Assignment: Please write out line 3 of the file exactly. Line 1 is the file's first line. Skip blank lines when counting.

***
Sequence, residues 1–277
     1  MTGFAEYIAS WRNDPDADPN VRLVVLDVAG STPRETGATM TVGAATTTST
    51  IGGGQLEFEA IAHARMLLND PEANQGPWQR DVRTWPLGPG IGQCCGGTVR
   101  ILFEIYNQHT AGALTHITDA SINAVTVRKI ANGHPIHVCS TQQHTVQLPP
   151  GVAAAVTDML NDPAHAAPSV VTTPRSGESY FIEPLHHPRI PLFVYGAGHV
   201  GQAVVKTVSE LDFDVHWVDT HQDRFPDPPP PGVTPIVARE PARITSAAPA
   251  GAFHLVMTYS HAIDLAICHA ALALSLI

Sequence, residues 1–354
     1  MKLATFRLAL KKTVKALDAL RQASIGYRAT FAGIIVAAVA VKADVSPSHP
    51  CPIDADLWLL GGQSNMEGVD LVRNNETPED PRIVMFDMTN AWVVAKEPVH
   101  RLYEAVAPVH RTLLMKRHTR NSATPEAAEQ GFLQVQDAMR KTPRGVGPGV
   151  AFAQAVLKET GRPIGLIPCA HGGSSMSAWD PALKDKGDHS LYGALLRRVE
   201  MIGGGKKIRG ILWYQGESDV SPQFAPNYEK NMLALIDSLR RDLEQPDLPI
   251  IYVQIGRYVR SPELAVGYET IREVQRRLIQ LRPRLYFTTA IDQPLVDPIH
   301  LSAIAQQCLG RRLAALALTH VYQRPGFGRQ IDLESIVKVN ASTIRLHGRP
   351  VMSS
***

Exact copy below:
    51  IGGGQLEFEA IAHARMLLND PEANQGPWQR DVRTWPLGPG IGQCCGGTVR